The Salvadoran Army is beginning to show signs of strain in the face of the three-day-old leftist offensive here.

Of the military's 10 French-made Alouette and Lama helicopters, only two are still flying. At least one was shot down by guerrillas near the Guatemalan border last week, according to official sources, another was damaged over the province of Morazan and the rest are suffering from lack of spare parts and maintenance as they have been in continuous use.

The guerrillas claim to have downed three.

At the same time the leftists are using ever more sophisticated weapons in greater quantities.

Even the U.S. ambassador to El Salvador, Robert White, who has consistently opposed "uping the ante" here by renewing and increasing U.S. military aid -- especially since its suspension last month amid allegations that Salvadoran soldiers were involved in the murder of four American women -- said today that such aid may at this point be necessary.

"I am very concerned about the obvious increase in supplies to the guerrillas from the outside which seems to threaten escalation on the part of the extreme left," White said.

[In Washington, informed sources said Tuesday night that President Carter has decided to resume U.S. military assistance to El Salvador and that the announcement will be made Wednesday.]

Despite the claims of the Salvadoran government that the guerrilla push has been controlled, sporadic fighting continues nationwide. The towns of San Francisco Gotera to the northeast and Zacatecoluca to the south were the scenes of major confrontations this morning, according to military spokesmen, and there was brief fighting in the neighborhoods of San Salvador again today.

There is still no substantial evidence, however, that the people of El Salvador are willing to rise up en masse behind the guerrillas, estimated to include 5,000 armed and trained rebels plus several thousand more ragtag militia. A general strike called by the Revolutionary Democratic Front last night has thus far garnered only half-hearted support, at least in the capital, where most shops and factories were open and most buses running by early afternoon.

Salvadoran government sources have repeatedly blamed Nicaragua and Cuba for much of the current surge in shipments of material to the revolutionaries here, although no solid proof has yet been offered.

Fears remain in the U.S. Embassy that a renewal of U.S. military aid will seem to endorse some of the brutality shown by the Salvadoran armed forces, which total about 15,000 troops. But as the fighting becomes more open and extensive here, that has become something less of a preoccupation.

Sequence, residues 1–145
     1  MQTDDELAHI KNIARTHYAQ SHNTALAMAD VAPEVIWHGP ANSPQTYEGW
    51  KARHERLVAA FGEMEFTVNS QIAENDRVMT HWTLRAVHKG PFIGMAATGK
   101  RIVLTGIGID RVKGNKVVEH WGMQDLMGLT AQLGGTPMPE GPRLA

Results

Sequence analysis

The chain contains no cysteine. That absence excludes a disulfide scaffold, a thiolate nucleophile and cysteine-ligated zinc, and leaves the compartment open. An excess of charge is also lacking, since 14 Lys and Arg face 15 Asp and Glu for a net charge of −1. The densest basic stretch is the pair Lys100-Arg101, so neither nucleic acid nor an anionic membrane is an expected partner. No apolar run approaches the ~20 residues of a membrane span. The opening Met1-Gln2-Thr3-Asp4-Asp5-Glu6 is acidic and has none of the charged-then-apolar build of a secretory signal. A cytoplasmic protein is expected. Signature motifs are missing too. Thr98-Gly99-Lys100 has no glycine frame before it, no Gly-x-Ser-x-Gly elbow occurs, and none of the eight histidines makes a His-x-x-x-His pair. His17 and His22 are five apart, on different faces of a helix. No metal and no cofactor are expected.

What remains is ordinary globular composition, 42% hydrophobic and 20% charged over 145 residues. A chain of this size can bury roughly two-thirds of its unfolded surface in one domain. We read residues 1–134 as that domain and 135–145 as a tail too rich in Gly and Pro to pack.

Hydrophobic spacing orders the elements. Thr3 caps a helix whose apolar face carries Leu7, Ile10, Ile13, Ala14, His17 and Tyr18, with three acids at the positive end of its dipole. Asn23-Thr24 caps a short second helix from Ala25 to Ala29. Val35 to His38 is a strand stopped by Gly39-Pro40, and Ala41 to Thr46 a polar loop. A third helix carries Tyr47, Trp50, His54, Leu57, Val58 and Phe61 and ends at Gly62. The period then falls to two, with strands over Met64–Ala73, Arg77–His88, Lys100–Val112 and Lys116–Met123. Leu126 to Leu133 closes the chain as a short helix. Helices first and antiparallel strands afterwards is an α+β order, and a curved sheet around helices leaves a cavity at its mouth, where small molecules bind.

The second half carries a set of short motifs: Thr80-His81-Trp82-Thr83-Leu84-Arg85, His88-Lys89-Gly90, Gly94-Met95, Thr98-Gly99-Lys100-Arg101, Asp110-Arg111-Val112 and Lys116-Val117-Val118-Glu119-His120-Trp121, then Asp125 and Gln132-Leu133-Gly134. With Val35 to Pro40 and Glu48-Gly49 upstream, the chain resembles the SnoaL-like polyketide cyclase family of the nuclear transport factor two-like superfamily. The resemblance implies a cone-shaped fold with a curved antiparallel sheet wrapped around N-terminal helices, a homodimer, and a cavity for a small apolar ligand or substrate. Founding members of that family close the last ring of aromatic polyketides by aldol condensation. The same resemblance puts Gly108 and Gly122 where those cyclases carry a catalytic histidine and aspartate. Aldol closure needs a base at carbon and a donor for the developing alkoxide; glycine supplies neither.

More worrisome to some officials is the possibility that supplying sophisticated equipment that requires the presence of U.S. personnel for training and maintenance will lead to increasing and increasingly direct U.S. involvement in the conflict.

"It could shift the whole emphasis of the thing," one diplomat said recently. "They [the Salvadoran military] have been doing their own jobs up to now. But this could make them more and more dependent on U.S. technical advisers. That's what happened in Southeast Asia."

The situation here is still very uncertain, especially in the countryside. The offensive is only 72 hours old and the guerrillas under the command of the Farabundo Marti National Liberation Front, still using hit-and-run tactics, are reported to be holding many of their forces in reserve. It is not clear why.

But the cost to El Salvador already has been high. Reliable figures are not available but unofficial estimates of casualties over the weekend, including many civilians, run high into the hundreds. That is in addition to an estimated 10,000 people who died at the hands of extremist leftist and rightist terrorists and the armed forces last year before the real civil war actually began.

Yesterday three journalists were injured by what was apparently a guerrilla-laid mine in a remote rural area to the north of the capital and this morning one of them, South African Ian Mates, 26, died from head wounds. He was a cameraman for UPITN, the newsfilm service of United Press International and Independent Television News in London. Two American photographers who were with him but less seriously injured, John Hoagland, 33, and Susan Meiselas, 32, were flown to Miami today for further treatment and observation.

A free-lance journalist from Venezuela, Nelson Arietta, reportedly was arrested at his hotel by national police yesterday for alleged links with the guerrillas. One report said he would face charges of "being a spokesman for the terrorists."